“…he was a cutie; sweet, furry, a little older than me, more worldly but naive in gay issues, and keen to explore a new era in his life, all things I found very attractive in him.”
Jim, Steve’s first boyfriend.
Steve was married to a woman for 10 years before coming out as a gay man in the 1980s when he returned from Canada to live in Glasgow.
Steve was a social worker who had always cared about the wellbeing of the people he worked with. He was an ordinary man who became an activist after becoming HIV positive. He was part of a group of men that came together with health services in Glasgow and realised more needed to be done to provide the best possible sexual health care to men who have sex with men.
At the time Steve was diagnosed with HIV, many more men than today died from an HIV-related illness. Today, if HIV is diagnosed early, the virus can be suppressed by medication making HIV a long term manageable health condition. Steve’s generation weren’t able to benefit from the advances in HIV treatment and care which have evolved over the last 20 years.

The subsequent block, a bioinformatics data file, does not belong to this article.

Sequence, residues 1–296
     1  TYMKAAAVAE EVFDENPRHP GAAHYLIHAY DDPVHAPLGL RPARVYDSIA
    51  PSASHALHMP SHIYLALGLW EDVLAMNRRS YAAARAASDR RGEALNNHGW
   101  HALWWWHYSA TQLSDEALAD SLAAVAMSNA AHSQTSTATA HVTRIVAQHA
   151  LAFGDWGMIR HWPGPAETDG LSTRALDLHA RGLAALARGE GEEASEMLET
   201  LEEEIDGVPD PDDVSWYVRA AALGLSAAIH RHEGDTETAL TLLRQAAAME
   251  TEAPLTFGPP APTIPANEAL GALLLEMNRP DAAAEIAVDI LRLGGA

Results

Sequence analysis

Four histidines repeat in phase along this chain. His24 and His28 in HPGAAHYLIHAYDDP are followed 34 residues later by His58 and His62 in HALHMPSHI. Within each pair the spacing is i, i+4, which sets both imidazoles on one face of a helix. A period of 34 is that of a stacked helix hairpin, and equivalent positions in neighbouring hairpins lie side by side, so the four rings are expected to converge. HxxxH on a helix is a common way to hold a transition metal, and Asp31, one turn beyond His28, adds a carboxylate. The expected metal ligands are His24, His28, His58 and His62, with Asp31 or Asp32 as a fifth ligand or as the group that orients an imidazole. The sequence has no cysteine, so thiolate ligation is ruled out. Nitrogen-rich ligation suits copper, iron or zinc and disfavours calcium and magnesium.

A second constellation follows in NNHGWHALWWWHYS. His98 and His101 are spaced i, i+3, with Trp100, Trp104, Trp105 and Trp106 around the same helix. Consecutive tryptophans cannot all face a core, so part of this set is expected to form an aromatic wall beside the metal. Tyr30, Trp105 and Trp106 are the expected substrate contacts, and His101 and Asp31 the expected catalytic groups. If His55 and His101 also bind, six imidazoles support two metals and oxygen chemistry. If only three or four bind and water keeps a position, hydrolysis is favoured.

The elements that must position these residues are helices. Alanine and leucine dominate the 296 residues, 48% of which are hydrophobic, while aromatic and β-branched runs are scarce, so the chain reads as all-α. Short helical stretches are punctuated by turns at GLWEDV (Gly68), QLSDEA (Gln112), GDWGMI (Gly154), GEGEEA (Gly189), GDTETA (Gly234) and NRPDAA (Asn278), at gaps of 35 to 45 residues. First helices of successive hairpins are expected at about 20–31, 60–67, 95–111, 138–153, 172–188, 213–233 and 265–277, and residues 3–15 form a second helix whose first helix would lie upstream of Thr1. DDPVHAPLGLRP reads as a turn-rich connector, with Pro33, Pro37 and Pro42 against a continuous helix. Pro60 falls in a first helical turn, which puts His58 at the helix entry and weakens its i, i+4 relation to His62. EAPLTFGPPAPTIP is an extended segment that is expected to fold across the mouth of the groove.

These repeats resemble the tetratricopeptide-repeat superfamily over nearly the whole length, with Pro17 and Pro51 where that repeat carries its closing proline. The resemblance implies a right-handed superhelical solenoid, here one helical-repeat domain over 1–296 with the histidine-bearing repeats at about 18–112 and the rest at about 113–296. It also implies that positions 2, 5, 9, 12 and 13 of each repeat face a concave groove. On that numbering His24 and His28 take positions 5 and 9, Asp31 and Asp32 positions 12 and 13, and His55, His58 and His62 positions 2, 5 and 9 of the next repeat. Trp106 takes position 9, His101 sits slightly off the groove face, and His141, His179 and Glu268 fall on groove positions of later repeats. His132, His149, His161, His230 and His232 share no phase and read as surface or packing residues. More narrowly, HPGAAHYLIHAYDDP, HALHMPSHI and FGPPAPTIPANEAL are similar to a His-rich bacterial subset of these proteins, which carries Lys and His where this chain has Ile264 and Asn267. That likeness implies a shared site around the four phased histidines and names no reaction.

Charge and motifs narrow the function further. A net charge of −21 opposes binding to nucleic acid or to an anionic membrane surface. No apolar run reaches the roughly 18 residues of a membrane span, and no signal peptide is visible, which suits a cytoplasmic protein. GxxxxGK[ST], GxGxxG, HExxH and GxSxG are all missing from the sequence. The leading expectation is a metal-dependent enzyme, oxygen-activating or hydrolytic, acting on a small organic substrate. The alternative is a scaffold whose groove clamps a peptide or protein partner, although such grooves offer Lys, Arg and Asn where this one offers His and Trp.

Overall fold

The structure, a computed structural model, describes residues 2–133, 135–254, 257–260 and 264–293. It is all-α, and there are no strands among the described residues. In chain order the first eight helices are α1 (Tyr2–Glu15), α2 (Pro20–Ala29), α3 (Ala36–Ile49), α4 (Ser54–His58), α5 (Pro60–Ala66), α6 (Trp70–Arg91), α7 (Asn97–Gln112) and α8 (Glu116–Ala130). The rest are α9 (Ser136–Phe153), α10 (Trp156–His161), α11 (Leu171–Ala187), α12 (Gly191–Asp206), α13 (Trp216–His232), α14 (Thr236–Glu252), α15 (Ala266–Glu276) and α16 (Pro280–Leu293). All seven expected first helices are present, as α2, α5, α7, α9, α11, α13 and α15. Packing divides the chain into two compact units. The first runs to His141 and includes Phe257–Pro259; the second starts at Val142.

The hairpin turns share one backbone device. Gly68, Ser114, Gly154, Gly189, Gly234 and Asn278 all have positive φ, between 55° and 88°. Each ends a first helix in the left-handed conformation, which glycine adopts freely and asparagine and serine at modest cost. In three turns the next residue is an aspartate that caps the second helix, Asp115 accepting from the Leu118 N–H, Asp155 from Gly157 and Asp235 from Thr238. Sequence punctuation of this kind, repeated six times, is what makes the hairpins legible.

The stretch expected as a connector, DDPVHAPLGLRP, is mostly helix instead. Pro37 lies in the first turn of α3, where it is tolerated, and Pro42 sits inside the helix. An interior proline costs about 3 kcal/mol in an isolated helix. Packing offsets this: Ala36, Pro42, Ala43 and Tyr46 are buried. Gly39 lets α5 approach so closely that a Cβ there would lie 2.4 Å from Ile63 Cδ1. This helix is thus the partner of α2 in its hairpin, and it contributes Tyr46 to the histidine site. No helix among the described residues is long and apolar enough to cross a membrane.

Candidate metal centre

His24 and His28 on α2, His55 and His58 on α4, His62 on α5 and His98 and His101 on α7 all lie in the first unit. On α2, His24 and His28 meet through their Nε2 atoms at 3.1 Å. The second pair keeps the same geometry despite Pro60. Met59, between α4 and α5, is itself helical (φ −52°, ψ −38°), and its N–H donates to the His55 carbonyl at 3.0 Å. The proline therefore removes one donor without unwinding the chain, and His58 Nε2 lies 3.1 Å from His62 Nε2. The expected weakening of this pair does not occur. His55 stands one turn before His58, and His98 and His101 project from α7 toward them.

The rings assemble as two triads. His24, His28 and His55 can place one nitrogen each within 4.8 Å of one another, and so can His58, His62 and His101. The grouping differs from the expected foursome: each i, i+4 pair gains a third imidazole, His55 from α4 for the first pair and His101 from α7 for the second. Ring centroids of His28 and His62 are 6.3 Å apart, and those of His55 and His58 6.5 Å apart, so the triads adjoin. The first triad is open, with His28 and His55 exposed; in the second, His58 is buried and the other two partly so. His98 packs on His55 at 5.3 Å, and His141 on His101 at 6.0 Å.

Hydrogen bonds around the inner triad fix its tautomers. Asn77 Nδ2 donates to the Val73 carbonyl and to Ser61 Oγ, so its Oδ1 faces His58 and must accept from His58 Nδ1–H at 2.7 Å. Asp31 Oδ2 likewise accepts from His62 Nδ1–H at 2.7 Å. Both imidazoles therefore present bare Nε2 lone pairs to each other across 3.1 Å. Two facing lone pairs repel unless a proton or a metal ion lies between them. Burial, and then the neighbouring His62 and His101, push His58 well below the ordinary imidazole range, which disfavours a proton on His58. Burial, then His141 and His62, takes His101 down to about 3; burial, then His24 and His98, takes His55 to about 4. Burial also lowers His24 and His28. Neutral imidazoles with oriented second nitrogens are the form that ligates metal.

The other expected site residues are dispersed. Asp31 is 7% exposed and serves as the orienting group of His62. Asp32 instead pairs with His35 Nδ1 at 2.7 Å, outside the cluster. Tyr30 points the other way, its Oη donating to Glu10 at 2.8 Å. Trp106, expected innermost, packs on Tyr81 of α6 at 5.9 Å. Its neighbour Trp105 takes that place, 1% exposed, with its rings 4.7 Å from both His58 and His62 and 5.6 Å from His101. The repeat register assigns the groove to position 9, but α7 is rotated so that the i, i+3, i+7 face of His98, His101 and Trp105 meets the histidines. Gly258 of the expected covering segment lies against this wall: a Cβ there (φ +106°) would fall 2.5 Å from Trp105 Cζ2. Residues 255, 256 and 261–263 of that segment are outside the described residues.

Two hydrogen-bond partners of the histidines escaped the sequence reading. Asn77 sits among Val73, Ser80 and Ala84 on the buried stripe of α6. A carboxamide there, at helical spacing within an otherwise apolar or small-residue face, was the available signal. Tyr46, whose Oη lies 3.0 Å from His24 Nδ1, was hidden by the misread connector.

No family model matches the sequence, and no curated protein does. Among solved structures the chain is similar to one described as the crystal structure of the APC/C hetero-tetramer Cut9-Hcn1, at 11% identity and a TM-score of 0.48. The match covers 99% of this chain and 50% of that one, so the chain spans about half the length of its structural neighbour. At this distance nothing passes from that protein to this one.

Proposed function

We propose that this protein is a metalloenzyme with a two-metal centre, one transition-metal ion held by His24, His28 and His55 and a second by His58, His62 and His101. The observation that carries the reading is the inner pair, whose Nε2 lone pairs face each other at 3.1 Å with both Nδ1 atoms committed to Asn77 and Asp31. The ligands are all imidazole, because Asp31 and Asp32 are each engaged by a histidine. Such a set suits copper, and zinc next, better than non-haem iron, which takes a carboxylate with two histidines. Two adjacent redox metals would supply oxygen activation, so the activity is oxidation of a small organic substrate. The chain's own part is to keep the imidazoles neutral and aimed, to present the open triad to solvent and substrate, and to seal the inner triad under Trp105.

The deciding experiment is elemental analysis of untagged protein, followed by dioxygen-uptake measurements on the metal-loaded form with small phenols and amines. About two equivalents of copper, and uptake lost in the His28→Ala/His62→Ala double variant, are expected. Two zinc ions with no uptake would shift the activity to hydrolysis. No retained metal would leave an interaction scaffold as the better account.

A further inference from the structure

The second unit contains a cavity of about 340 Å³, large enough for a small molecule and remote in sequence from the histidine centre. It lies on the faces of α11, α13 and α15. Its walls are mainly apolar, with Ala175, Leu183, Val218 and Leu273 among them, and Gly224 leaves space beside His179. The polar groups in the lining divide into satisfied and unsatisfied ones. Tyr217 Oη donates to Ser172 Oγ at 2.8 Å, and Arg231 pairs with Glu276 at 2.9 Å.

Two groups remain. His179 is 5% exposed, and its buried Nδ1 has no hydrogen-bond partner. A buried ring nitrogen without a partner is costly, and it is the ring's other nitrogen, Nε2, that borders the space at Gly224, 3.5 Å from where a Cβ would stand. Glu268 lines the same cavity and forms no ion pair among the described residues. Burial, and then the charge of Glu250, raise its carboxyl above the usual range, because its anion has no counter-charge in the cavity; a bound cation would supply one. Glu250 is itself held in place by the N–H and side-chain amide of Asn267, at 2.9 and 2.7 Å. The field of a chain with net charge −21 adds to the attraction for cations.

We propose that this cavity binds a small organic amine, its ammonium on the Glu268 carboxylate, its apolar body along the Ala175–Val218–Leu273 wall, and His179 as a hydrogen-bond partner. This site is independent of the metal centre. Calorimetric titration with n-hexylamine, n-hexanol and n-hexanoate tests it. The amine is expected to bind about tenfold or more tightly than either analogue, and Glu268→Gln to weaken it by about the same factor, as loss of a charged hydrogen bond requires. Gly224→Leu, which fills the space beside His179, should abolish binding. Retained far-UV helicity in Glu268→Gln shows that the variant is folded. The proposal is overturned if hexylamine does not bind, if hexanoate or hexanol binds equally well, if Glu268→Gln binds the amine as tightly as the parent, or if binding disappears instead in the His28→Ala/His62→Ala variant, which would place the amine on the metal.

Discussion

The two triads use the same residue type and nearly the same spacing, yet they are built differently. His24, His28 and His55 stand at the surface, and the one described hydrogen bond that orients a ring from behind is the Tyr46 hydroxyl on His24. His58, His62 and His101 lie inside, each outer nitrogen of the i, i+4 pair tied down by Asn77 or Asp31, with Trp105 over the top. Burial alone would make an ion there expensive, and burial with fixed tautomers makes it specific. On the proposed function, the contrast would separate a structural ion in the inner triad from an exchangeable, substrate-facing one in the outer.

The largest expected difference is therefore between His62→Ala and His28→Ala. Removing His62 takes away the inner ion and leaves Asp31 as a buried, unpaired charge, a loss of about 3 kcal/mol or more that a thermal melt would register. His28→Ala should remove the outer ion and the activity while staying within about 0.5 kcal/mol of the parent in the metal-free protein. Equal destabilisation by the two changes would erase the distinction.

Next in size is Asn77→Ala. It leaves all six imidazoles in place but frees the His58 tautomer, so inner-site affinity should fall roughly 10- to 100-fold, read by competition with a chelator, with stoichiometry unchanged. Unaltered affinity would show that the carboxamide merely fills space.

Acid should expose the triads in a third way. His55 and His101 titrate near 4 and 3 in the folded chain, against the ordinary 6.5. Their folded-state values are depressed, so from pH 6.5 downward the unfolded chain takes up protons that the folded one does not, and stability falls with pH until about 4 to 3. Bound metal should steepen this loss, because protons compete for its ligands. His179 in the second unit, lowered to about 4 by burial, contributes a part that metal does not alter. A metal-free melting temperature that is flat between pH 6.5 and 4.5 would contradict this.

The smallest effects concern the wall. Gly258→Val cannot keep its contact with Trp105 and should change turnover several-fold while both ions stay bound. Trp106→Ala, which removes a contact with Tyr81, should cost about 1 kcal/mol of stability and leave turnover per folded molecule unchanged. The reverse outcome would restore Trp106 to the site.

Steve’s legacy is the Steve Retson Project. A service dedicated to ensuring that all men have a place where they can access HIV and sexual health testing, feel comfortable discussing their sexual health and can access the help they need.
“He was intelligent and charismatic and I can see how he became a leader in the HIV wars.”
Jim, June 2015.
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